The free show will include songs from current Broadway shows as well as numbers from productions opening later this spring, including "One Mo' Time" and "Oklahoma!"

Actress Sandy Duncan will lead a group of five performers. It's being put together by the League of American Theatres and Producers.

Broadway will be by far the smallest stop on the tour, which includes performances in Los Angeles, Miami, Atlanta, New Orleans, Washington and Denver.

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BISMARCK, N.D. -- About 200,000 state vacation guides were printed before officials discovered that a page with a greeting from Gov. John Hoeven had misspelled "North."

It was spelled N-R-O-T-H.

Tourism Director Allan Stenehjem said the goof was caught before the guide was distributed. He said the page will be reprinted and a personal letter from the governor will be added. The cost of the fix, about $3,000, will be covered by the printing company, he said.

"We have kind of an editing process and it goes back and forth," Stenehjem said. "We make sure every page is checked. Somewhere along the line, somebody keyed in and it was just a typo, and for some reason it didn't get caught.

The booklets go to people interested in a visit to North Dakota and to hotels, convention and visitors bureaus, along with tourism information centers.

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SYDNEY, Australia -- The state government wants to make prostitutes' lives a little easier.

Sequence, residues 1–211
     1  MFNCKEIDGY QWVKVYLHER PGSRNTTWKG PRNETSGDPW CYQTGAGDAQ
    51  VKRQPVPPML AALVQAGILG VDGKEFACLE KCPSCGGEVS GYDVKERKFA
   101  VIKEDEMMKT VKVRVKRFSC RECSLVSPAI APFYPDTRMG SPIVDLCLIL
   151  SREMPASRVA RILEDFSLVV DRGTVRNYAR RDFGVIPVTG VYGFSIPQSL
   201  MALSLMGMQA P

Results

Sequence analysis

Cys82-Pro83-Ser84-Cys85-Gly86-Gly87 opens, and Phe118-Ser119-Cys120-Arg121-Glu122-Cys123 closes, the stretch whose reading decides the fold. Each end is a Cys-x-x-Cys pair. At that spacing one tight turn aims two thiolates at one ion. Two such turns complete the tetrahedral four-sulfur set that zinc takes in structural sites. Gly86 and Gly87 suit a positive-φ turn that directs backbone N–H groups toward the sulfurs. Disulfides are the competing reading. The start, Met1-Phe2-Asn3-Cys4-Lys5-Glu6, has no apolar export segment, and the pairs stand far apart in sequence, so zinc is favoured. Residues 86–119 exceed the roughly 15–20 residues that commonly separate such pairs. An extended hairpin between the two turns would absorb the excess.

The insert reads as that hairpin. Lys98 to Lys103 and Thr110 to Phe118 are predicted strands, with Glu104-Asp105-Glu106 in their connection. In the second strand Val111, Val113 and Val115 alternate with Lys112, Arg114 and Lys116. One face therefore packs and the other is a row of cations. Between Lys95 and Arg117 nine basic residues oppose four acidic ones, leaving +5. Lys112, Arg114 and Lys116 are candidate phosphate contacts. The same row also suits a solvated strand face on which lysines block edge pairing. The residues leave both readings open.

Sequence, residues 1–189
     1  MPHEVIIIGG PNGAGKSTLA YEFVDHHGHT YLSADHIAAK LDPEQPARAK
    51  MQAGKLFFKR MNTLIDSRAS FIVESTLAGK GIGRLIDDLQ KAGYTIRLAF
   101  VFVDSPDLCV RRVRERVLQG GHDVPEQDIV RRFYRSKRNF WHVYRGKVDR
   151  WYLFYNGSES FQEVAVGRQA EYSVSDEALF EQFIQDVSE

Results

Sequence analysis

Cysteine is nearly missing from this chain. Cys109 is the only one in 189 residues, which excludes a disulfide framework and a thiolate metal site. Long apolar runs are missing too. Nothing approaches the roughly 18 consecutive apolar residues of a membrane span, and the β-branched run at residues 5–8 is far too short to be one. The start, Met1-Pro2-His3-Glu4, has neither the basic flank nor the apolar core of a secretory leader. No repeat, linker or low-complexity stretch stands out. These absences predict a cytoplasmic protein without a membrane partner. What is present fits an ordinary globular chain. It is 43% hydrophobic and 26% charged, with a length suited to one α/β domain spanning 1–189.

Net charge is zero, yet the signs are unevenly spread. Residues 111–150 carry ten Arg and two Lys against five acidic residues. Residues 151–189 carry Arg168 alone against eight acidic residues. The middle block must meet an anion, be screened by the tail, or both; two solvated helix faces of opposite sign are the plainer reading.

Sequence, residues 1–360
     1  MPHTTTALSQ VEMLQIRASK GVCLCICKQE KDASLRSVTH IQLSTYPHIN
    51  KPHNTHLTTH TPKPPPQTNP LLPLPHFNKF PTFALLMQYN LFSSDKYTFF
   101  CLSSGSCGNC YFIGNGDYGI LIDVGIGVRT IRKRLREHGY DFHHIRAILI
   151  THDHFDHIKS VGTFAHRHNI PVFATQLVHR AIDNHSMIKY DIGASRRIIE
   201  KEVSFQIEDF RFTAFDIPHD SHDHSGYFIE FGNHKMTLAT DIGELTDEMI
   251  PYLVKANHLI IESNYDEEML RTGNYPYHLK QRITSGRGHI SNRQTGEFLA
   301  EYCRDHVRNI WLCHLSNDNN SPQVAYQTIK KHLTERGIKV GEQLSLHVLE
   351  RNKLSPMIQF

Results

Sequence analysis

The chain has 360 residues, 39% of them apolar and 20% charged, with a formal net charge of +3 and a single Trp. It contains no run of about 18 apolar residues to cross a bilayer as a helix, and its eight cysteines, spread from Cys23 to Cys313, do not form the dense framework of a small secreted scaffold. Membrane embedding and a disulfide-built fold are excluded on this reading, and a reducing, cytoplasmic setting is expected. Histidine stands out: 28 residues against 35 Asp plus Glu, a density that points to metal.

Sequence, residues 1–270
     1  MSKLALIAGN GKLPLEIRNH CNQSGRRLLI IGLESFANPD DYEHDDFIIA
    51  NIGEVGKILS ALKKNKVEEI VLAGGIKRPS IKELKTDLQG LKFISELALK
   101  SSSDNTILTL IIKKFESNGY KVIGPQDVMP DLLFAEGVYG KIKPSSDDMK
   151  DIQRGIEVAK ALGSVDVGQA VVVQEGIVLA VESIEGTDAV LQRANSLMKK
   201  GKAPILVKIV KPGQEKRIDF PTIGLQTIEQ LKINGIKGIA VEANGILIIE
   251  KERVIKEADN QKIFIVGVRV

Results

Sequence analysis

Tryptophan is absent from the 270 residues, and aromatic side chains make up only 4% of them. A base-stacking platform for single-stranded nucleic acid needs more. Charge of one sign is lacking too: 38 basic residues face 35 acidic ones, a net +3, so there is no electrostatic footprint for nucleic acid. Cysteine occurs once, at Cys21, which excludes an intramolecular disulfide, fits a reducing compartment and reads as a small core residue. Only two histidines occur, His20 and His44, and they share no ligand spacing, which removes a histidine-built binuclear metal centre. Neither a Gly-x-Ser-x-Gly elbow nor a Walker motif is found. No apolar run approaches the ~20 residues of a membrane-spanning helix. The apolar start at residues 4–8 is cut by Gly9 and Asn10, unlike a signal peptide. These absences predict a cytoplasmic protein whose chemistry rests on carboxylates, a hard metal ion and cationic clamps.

New South Wales workplace safety watchdog on Monday released guidelines aimed at providing a better working environment for prostitutes in Australia's most populous state.

The potential pitfalls include injuries caused by dim lighting in brothels and massage parlors, tripping in showers and repetitive movement problems, the government agency said.

The "Getting on Top of Health and Safety" guidelines cover potential hazards to be checked in a brothel such as loose bed frames, storage of condoms and checking cleanliness of spas.

It also warns of concerns about back injury from unsuitable beds and wrist injury from constant massage.

While the industry has traditionally focused on improving sexual health and safer sex practices, WorkCover New South Wales said sex workers face many other work-related risks.

WorkCover general manager Kate McKenzie said the guidelines cover brothels, massage parlors, escort agencies and various other sex venues.

Prostitution has been decriminalized in New South Wales and most brothels are officially licensed by state authorities.

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YORK, Pa. -- A man wanted in an armed robbery was arrested in the wrong place at the wrong time - in prison, where he was visiting his alleged accomplice, authorities said.

David Ruppert, 21, was arrested Tuesday at the York County Prison while he was visiting Robert Haley, 18, charged in the same Oct. 3 robbery of a woman making a bank deposit, West Manchester Township Detective Jeffrey Snell said.

"He probably went there to find out if Haley was gonna rat on him," Snell said.

Snell said he was checking addresses where Ruppert used to live Tuesday and spoke to someone who suggested that the suspect might be visiting at the prison.

Snell made a quick phone call and confirmed that Ruppert was there, then told prison authorities that Ruppert should not be allowed to leave.

"As he was walking out, he was taken down," Snell said.

Court documents indicated Ruppert was being held on $50,000 bail on charges of robbery, criminal conspiracy and weapons violations. A preliminary hearing for both Ruppert and Haley is scheduled March 27.